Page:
swimmers' diet

All athletes need fuel to power them through their sport. Competitive swimmers are no exception. A swimmer’s diet is critically important for their athletic performance.

While most of us will never experience the thrill of competing on a world stage, we still can benefit from the same sound nutritional advice the pros follow throughout training and before a big meet.

Our sports nutrition experts at UPMC Sports Medicine have provided these five nutrition tips for swimmers and nonswimmers alike.

1. Keep Your Plan Carb-Friendly

Carbohydrates are an important part of any athlete’s training. Carbohydrates are the primary fuel source for moderate- to high-intensity activity. They assist with muscle repair, muscle preparation, and performance.

According to the Collegiate and Professional Sports Dietitians Association (CPSDA), when you are training at a competitive level/in-season, carbohydrates should make up 50% or more calories in your diet. For example, the average swimmer needs around 6 g of carbs per kg of body weight. So a 160-pound (72.7 kg) swimmer would need 72.7 kg x 6 g = 436 grams of carbohydrates each day.

But not all carbs are the same.

You’ll want to consume simple/refined carbohydrates — such as sports drinks, sports gels, fruit, and pretzels — before, during, and immediately after a workout. The purpose of promoting these types of carbohydrate sources is to quickly fuel and refuel the muscles.

Outside of training, a swimmer should focus on complex carbs, such as whole grains, beans, lentils, rice, and vegetables, due to their slower digesting nature, high-fiber content, and ability to regulate blood sugar and cortisol levels.

It’s important to note that both types of carbohydrates assist with carbohydrate replacement, but the timing of each is invaluable for optimal athletic performance.

2. Pick Quality Proteins

Protein is an essential macronutrient for any athlete — but especially a swimmer. Swimmers need consistent doses of protein throughout the day.

A high-quality protein source post-training is highly recommended for recovery, as well as in aiding muscle protein synthesis. Throughout the day, a swimmer should consume moderate doses (10 g to 30 g) of protein at snacks and meals.

Our team’s daily recommendation of protein for swimmers is 1.6 g per kg of body weight per day. In the case of the 160-lb athlete referenced above, that would equal 116 grams of protein per day.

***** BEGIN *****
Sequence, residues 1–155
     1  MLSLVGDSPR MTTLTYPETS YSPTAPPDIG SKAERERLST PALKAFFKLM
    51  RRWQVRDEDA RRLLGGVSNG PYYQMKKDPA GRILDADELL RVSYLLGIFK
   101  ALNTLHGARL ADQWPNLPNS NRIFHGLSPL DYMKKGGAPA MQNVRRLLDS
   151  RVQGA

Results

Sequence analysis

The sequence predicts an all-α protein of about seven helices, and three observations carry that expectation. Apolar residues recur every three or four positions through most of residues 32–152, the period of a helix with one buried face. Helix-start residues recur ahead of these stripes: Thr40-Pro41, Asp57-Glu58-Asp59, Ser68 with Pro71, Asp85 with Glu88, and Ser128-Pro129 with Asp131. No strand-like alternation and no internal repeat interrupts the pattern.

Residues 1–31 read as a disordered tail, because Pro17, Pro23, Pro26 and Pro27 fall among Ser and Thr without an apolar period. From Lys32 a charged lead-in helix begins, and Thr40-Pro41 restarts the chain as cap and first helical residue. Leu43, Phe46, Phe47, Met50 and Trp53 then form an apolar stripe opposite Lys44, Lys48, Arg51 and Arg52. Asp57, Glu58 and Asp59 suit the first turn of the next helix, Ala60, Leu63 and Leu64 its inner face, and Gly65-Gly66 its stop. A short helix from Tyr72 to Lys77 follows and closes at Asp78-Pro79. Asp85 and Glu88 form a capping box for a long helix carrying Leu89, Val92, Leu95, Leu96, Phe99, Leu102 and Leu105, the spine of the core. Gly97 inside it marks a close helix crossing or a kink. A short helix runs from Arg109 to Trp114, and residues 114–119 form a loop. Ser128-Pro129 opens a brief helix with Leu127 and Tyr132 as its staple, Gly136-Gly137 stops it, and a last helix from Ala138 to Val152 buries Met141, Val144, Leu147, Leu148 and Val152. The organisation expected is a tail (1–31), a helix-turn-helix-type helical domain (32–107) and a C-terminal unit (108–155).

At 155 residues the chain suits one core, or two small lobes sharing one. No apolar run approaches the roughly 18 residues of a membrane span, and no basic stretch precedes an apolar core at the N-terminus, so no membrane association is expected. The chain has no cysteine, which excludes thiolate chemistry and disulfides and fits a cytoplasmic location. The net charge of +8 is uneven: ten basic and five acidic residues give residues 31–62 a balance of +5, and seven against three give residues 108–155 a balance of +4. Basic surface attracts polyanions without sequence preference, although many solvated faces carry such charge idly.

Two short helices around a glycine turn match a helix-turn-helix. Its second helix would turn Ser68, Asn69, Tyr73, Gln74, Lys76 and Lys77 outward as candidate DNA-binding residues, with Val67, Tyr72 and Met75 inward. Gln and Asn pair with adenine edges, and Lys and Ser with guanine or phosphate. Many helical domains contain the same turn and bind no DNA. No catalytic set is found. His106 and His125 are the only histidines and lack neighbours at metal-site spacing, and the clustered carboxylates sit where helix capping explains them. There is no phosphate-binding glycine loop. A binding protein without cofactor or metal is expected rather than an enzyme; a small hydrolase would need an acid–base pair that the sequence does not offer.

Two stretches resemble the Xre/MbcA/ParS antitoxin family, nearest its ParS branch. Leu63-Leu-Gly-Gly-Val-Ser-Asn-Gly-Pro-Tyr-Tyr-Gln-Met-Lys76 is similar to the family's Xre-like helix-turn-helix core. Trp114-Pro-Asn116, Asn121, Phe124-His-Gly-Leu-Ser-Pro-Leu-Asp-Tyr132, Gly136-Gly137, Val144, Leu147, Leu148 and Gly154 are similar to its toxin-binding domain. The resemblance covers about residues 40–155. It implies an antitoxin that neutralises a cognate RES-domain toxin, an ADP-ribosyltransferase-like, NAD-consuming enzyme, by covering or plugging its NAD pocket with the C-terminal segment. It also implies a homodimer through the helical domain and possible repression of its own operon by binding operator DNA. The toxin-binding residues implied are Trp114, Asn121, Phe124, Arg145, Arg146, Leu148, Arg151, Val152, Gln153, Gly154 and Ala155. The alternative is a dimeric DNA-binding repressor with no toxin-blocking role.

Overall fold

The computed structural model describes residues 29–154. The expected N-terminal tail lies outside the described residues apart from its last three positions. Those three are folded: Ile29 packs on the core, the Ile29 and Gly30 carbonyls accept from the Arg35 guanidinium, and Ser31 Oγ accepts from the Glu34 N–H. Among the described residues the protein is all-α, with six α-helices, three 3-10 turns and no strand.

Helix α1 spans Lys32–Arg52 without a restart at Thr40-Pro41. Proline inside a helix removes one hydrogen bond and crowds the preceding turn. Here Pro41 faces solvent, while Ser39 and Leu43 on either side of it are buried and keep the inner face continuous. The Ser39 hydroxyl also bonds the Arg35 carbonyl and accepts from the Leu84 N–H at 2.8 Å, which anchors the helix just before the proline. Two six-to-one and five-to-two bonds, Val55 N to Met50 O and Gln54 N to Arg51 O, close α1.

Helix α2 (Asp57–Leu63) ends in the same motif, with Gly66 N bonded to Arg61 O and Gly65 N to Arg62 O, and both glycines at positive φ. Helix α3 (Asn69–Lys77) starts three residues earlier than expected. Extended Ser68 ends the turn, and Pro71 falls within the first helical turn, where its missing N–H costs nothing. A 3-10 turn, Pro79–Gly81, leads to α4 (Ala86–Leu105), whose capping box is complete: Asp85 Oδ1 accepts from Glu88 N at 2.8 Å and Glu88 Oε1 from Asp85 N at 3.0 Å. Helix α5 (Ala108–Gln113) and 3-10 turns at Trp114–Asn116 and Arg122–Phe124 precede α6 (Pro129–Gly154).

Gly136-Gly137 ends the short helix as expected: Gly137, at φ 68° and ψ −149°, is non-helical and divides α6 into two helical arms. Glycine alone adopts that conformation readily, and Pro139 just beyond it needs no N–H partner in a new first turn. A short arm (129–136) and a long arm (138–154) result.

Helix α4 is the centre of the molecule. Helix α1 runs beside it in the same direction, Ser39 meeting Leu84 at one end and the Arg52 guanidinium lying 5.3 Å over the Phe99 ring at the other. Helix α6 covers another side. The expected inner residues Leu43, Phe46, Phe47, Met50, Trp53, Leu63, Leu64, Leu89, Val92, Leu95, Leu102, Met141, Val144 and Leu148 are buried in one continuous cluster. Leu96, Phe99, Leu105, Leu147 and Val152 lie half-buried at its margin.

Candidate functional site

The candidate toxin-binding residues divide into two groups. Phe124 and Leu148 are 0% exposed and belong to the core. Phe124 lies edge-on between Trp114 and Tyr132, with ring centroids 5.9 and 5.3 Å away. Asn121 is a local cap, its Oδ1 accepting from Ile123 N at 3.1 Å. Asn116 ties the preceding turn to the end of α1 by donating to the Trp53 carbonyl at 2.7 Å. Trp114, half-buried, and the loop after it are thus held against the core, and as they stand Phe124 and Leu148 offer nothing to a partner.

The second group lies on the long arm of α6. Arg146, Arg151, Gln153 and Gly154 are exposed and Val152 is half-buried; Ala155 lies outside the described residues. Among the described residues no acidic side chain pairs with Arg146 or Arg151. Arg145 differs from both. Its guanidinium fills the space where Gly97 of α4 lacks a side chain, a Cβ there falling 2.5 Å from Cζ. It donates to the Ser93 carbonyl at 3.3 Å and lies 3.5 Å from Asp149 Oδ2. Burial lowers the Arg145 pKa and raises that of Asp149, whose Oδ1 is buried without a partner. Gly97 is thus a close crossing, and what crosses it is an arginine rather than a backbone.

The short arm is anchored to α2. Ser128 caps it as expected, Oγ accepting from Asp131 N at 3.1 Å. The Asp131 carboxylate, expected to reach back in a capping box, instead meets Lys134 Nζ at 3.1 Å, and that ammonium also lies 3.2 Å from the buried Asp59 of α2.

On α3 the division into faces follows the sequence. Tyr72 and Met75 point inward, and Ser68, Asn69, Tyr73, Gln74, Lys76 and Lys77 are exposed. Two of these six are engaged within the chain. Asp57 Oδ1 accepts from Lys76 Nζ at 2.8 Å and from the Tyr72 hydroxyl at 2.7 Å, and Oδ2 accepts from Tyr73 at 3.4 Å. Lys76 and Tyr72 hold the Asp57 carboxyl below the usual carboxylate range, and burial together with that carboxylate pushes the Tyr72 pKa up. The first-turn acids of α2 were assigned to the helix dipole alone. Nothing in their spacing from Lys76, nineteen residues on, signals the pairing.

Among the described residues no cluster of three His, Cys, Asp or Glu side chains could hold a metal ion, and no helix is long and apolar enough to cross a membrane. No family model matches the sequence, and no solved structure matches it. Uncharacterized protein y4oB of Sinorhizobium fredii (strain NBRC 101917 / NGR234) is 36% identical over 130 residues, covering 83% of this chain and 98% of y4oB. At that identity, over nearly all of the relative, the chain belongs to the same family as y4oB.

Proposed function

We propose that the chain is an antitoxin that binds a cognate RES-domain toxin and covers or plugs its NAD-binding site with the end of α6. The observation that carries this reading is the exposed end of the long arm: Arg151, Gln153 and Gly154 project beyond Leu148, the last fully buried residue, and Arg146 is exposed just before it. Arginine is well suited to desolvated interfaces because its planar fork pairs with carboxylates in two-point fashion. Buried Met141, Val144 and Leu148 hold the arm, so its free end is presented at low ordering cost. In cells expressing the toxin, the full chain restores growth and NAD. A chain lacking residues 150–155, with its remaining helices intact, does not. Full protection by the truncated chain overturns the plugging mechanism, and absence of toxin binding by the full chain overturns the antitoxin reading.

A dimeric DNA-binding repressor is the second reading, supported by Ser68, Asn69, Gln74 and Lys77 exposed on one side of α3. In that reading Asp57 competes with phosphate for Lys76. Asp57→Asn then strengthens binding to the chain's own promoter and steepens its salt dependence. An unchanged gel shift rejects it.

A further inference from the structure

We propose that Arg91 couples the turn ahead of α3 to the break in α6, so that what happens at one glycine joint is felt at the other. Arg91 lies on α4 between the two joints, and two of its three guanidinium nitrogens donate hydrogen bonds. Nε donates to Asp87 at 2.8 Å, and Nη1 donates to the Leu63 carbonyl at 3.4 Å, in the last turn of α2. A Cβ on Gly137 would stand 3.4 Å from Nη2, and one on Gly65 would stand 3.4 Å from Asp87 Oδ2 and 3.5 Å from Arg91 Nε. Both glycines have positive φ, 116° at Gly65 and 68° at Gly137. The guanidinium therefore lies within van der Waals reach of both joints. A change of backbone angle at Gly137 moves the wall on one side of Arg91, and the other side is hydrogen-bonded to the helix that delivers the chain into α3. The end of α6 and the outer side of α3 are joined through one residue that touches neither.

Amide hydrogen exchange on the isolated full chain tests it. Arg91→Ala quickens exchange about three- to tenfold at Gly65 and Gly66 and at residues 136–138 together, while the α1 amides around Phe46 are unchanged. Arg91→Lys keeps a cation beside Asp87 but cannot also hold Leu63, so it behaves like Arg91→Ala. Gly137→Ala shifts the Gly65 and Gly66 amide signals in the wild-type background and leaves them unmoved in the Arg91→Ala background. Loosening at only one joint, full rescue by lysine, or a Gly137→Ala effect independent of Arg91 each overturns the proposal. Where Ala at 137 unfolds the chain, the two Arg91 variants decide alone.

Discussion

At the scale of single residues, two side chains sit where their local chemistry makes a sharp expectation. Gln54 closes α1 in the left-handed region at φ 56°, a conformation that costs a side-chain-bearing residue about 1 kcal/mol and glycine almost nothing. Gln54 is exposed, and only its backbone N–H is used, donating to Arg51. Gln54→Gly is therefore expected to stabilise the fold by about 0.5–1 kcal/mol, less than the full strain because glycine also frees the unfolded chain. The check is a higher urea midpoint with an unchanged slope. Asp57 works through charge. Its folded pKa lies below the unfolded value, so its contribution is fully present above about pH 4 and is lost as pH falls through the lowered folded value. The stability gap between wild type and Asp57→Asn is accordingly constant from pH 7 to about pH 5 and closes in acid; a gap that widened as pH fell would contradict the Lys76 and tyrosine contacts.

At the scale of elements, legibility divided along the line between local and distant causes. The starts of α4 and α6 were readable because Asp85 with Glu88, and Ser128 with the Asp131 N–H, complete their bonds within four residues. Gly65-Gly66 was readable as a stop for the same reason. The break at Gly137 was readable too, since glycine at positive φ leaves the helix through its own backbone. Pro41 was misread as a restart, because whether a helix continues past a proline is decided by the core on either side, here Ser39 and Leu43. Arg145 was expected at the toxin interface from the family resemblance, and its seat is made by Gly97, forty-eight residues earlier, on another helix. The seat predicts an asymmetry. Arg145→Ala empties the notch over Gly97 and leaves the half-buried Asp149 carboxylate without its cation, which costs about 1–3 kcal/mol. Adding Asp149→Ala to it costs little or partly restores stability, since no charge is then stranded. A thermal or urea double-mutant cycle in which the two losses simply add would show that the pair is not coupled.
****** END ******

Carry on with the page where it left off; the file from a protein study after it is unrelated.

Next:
Bottom line: Choose nutrient-dense sources of protein like eggs, milk, chicken, pork, nuts, fish, beef, and soy.

3. Promote Recovery

Immediately after a workout, you can replenish your body and prime yourself for recovery by eating a recovery snack with a ratio of 3 to 4 grams of carbs for every 1 gram of protein. Replenish within 30 minutes of workout/training completion.

One of the snacks we highly recommend that falls into the carb-protein ratio above is chocolate milk. Chocolate milk checks all the boxes that an athlete should have for their post workout nutrition, including:

  • Fluid
  • Carbs
  • Protein

Chocolate milk is also a quality source of vitamin D.

Vitamin D is very hard to get through diet alone due to the limited food sources that contain vitamin D. The main source of vitamin D is the sun. In the case of the average swimmer, most of their day is spent in an indoor pool with limited sun exposure. For that reason, a swimmer should take full advantage of any chance to add vitamin D to their diet.

4. Plan Combo Snacks Every Day

Snacking should always be a part of a swimmer’s daily plan.

We recommend swimmers plan for combo snacking that includes carb/produce and protein. The reason for the combo is that swimmers need ample carbohydrates (shown above with the daily recommendation), as well as high-quality protein doses throughout the day. Here are three easy, packable snack ideas that meet the above criteria:

  • Apple + Peanut Butter.
  • Greek Yogurt + Granola.
  • Beef Jerky + Pear.

5. Wet Your Whistle

Ironically, as you swim in water, your body requires more of it. In fact, dehydration can sap your performance.

Don’t just stick with water; also include sports drinks during high-volume (1 hour +) training to replace the electrolytes and carbohydrates. Water is a great source of hydration throughout the day, but when it comes to performance, you need a performance drink.

Consuming a diet high in fruits and vegetables that naturally contain a high water percentage also will help in daily hydration practices.

Swimmers’ Diet and Nutrition at UPMC Sports Medicine

Sports nutrition experts at UPMC Sports Medicine support athletes in all areas of sports medicine, including those recovering from concussion, joint replacement, and impact injuries. We also offer sport-specific nutrition programs.

Consider working with a sports nutritionist to help reach your goal faster, whether it’s preparing for a big race, fine-tuning an off-season program, or just trying to live a healthier lifestyle.


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